Wow! Time sure does fly when your busy doing other things. This is a shortish post showing you all how to make one of the best fish stocks from scratch. I’ve followed the delectable Maggie Beers recipe and couldn’t quite relate to how short the time is that it takes to cook. 😍. My chicken and beef stocks take up to five hours to make to leach the most flavour out of those bones but fish stock is very quick to make. I use this in my Thai Green Curry risotto, fish stews, anything else that requires a fish stock base 😊. Ingredients. 1kg snapper heads 1 large onion, finely chopped 1 leek, finely chopped 1 carrot, finely chopped 1/2 stick celery, finely chopped 2 tablespoons butter 1/2 cup dry white wine (125ml) 1.5-2 litres cold water 10 stalks flat leaf parsley 1 sprig of thyme 1 bay leaf Clean all blood and innards out of the snapper head and discard the gills also. Rinse the head and wings thoroughly. As you can see, I’ve used one massive snapper head and the set of wings that came with it. I love my local Fishermans boatshed market on a Sunday 😍 Put all the chopped vegetables into your big stock pot with the butter and sweat them over a low heat for 2 minutes, do not allow them to brown. Add the fish head/s and wings ,if using, and sweat them for a minute more. (As my fish head and wings were so huge, I cut the joined wings in half to fit them in) Increase the heat to high, pour in the wine and boil vigorously for a few minutes. Pour in the cold water, then add the herbs and simmer gently over low heat for 20 minutes, without allowing the stock to boil at any stage. It will become cloudy if allowed to boil. I cooked my stock for 30 minutes but only because I wanted to make sure I got everything out of the huge fish head and wings. Strain the stock through a fine sieve or muslin to give a good clear stock. I used both. Allow the strained stock to cool, then freeze or refrigerate if you are not going to be using it that very day. I bagged my stock up into 500ml bags with a little left over in a 400ml bag and froze it flat for ease of defrosting when I need it 😀. As I bagged it the day after I made it, it had become all jelly like. Yummy! You can freeze this stock for up to three months. Enjoy making those lovely soups, stews, risottos and Asian dishes .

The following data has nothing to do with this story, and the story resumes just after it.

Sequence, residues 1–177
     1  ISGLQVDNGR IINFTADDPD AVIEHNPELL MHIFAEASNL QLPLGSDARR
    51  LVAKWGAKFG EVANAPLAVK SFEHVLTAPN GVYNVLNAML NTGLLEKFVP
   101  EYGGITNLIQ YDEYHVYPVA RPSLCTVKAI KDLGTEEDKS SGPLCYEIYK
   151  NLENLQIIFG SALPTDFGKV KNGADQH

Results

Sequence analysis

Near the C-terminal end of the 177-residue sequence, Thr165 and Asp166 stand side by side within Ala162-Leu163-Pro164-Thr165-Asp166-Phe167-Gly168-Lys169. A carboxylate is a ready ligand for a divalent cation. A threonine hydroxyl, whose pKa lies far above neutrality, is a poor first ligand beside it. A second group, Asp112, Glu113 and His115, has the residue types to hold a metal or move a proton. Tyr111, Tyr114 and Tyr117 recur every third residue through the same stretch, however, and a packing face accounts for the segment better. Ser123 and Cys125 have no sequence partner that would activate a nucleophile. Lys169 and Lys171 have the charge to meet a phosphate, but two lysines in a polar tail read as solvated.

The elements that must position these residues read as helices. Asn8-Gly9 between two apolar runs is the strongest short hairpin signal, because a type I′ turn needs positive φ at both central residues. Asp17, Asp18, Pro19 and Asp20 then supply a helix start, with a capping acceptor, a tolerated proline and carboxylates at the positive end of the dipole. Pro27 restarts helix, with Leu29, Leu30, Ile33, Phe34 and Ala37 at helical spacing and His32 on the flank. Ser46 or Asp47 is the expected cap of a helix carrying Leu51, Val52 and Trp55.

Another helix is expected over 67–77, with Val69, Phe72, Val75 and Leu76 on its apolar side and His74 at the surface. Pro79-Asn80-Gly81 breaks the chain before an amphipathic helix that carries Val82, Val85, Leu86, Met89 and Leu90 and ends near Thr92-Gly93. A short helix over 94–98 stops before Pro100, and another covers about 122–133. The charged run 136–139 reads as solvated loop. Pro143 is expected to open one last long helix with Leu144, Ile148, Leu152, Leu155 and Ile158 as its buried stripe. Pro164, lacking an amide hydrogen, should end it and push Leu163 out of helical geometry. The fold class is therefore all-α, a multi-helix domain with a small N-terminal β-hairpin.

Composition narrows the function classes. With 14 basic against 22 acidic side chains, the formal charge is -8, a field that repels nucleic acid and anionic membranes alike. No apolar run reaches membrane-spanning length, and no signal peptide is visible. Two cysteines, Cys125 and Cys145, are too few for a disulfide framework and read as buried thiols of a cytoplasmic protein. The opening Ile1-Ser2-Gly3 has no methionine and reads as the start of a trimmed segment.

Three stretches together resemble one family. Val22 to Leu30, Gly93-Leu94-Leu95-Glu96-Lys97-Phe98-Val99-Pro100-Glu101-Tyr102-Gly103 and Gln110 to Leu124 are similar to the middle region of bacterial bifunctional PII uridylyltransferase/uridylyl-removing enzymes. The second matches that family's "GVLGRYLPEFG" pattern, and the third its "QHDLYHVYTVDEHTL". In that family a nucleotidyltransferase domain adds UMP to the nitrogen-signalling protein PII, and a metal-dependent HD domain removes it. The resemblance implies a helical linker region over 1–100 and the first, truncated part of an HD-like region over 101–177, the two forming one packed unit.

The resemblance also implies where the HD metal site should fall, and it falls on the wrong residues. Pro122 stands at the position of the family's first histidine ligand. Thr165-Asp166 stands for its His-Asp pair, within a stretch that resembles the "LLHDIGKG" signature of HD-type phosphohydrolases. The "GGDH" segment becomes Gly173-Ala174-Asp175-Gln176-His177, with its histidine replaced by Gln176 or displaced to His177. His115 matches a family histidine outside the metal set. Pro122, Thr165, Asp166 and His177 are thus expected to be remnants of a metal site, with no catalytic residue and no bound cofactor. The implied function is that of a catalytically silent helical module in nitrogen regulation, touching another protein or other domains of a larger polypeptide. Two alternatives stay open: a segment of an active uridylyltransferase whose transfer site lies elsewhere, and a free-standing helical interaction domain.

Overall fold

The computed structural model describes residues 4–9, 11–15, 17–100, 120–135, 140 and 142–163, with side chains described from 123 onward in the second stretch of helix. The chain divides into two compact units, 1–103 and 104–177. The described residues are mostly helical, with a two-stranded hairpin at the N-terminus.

I know it’s technically summer over here in Australia but the days and nights have certainly not been hot. I wanted to cook something a bit more substantial for our tea on Saturday night and came upon this delightful casserole. It’s not made with many ingredients either. Forgive the lack of pictures as yet again, I forgot to take photos till half way through making it.
50gm butter, plus extra to grease
2 leeks, white part only,thinly sliced
1 onion, thinly sliced
1 tablespoon olive oil
1kg lamb leg or shoulder, diced
2 garlic cloves, crushed
Salt and pepper
800gm waxy potatoes,peeled and thinly sliced
300ml lamb,chicken or beef stock
1 teaspoon fresh thyme, chopped
3 tablespoon flat leaf parsley,chopped (optional)
Preheat the oven to 170C and grease an ovenproof casserole dish. Place the butter in a large frypan over heat and add the leak and onion. Cook for 5 minutes or until softened, then transfer to a plate and set aside.
Add oil to the pan and increase heat to high. When hot, add the lamb in batches and brown. Add the garlic whilst browning the lamb also.
Place half the potato slices overlapping on the base of the greased casserole dish. Layer the meat over the top and season well with salt and pepper. Next place the leek and onion mixture over the top and press down well with the back of a spoon to flatten. Top with the other half of the potatoes, overlapping them.
Cover with a lid or foil and bake for two hours in the pre heated oven. Take out of oven, remove the lid or foil and brush the potatoes with the cream. Pop back in oven for another 30 minutes or until potatoes are golden. Serve direct from dish sprinkled with parsley.